The manga adaptation can enthuse you for the Avatar sequels.



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Alita with big eyes.

Alita: Battle Angel.

Twentieth Century Fox.

If the eyes are the windows of the soul, the cyborg heroine's couple of Alita: Battle Angel are a set of double doors wide open, as limpid and blooming as a painting by Keane. Alita (Rosa Salazar) enters the film at the top of a pile of junk outside the city of Iron City, where the main focus of human life remaining on Earth in the middle of the year 26th century. Or rather, his head, accompanied by a metal spine remains hanging below. The cybernetic surgeon in the shop, Dyson Ido (Christoph Waltz), discovers Alita's central nervous system and reconstructs it from neck to foot. The film, directed by Robert Rodriguez and co-written by James Cameron and Laeta Kalogridis, works in the opposite direction. the intestines – or is it the fork – up to the heart, but sometimes only up to the brain.

Although it is in the year 2563, the driving force behind Alita is nostalgia. It is at the forefront of technology, with huge computer-generated landscapes and immersive 3D, but all of these effects are at the service of a story that seems to have been written in the 1980s. (It's actually based on a series of mangas by Yukito Kishiro, published during the next decade.) His vision of the future, a planet ravaged by a conflict with the United Republics of Mars (URM), feels both dystopian and charming naive. (On the one hand, it seems quite optimistic to predict that humans will even be alive on Earth in 500 years.) The Iron City residents have fun watching the bike, which is basically a Max MaxVersion of the roller derby, and one of his main opponents, Grewishka (Jackie Early Haley), looks like a professional wrestler head at the top of the chassis of RobocopLike an ED-209 tank. Its racial and gender politics also seems to be becoming obsolete two or three decades ago: when Alita exchanges her first robotic body, originally built for Dyson's dead daughter, against a more combat-capable body, she wins also the curves of a manikin, as if she had a figure to knock out were a strategic advantage in combat.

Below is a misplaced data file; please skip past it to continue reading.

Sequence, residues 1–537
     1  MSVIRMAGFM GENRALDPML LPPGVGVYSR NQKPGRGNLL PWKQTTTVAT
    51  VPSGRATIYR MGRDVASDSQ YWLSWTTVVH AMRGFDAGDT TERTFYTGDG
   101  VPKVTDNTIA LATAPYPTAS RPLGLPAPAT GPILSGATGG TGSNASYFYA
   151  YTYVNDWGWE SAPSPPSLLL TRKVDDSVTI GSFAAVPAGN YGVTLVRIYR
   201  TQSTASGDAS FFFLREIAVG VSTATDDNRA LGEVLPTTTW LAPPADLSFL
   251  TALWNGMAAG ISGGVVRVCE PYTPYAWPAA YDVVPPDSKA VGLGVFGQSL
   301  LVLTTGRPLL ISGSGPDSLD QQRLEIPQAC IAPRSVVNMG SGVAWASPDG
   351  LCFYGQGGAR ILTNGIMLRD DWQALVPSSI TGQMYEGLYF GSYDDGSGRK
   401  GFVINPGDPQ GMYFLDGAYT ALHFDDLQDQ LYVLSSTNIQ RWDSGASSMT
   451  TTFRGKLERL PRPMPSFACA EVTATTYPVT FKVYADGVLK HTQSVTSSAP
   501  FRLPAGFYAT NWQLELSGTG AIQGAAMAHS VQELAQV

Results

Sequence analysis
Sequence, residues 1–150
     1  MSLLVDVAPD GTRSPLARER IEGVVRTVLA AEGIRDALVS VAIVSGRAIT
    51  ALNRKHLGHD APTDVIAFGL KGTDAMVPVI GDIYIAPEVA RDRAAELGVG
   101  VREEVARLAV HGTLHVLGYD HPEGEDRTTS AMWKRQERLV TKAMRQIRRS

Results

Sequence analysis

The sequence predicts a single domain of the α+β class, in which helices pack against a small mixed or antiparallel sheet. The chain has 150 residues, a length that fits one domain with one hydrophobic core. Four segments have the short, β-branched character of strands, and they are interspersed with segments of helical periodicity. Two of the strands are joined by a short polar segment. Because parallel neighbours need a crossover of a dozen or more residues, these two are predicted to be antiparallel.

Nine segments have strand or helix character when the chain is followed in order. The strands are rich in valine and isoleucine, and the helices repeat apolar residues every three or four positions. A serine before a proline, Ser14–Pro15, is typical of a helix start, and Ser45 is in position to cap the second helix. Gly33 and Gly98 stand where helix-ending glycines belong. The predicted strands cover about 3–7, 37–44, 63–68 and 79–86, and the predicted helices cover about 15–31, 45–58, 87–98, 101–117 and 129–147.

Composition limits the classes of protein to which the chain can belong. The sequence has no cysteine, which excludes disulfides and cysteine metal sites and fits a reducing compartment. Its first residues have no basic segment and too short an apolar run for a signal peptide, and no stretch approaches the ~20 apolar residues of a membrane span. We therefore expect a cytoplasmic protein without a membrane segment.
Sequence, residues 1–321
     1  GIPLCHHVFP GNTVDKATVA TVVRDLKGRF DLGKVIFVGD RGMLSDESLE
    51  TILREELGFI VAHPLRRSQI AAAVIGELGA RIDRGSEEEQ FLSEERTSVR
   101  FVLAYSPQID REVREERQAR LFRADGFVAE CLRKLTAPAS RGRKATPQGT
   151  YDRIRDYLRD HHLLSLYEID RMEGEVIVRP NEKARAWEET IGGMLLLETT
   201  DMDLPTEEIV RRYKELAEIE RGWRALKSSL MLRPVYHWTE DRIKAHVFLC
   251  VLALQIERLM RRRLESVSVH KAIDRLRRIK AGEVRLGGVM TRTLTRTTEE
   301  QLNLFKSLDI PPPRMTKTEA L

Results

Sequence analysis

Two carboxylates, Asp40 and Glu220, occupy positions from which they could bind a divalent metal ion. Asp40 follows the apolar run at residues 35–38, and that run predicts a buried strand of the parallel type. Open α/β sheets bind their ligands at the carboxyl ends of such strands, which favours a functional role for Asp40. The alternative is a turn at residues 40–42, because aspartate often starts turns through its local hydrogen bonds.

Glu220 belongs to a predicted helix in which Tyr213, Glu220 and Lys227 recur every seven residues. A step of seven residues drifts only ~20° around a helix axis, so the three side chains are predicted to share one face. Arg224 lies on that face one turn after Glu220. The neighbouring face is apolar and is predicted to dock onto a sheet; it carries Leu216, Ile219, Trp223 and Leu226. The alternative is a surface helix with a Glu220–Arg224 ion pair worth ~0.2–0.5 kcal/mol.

Alita wakes up without a memory of her past. So it's up to Dyson and Hugo (Keean Johnson), a street kid as drab as his biceps are bulging, to show him the ropes. In a world where human-robot mergers are common, anyone can be removed and sold for their parts, both mechanical and organic. There is a quasi-military peacekeeping force that is mostly loyal to Zalem, the last of what was once a vast network of flying cities, whose remains were found in the rubbish dump, but peace is mainly maintained by warrior-hunters, who hunt fugitives – or at least their identifiable parts – for rewards in money There is a law and an order, but their overlap is more a coincidence than the goal. Vector (Mahershala Ali), who runs the biker games and a black market company underneath, is currently at the helm of Dyson's ex-wife, Dyson's ex-wife, Chiren (Jennifer Connelly), who is also a brilliant surgeon. Oh, and sometimes Vector is possessed by the spirit, or something, of Nova, Zalem's largely invisible ruler, who can seemingly sink into the consciousness of anyone on Earth if he feels like it. .

Rodriguez is a cool cynic, but Alita, like Cameron, has a heart of corn.

It's a lot of plot for a film, and there are still huge questions to ask: we learn almost nothing about the URM, if not its name and the fact that it has access to state-of-the-art technology that has been forgotten for hundreds of years since the war. between Earth and Mars. We never reach Zalem, only see a brief overview of Nova and leave the film on what constitutes a configuration for a sequel whose prospects are anything but certain. The original Kishiro manga is composed of nine volumes. Alita Inspired by the first four, compressing nearly 1,000 pages in a surprisingly slim story that barely exceeds two hours. (Is it a compliment to say that it looks more like three?) But the plot is not what attracts you. Part of it is Salazar's performance and motion capture work that maps his expressions onto a figure whose humanity is the goal of the story. But it is especially the thrill of the hunt, the meeting of generous visions, often sentimental, of Cameron with the feeling of Rodriguez for the trashy genre.

The influence of the former seems predominant here. Rodriguez is a cool cynic, but Alita, like Cameron, has a heart of corn. Although it's not as dazzling as AvatarDue to the bucolic environment, Iron City's grungy textures look so real that you can feel the rust flake, which reminds you that little Avatar used 3D technology as well as Cameron, and no one did it better. There are naïve moments that make you laugh with a mixture of disbelief and joy, like when Jeff Fahey introduces himself as a redneck bounty hunter who keeps a pack of cybernetic dogs on hand. It's awkward and limited, sometimes inexcusable, but it's also glorious. If to learn that Alita turns out to be the master of a forgotten fighting technique called Panzer Kunst you roll your eyes, you would be better with a film more concerned to be superficially connected. But if it makes you think of a smile, you could kiss her with open arms and eyes as big as Alita's.

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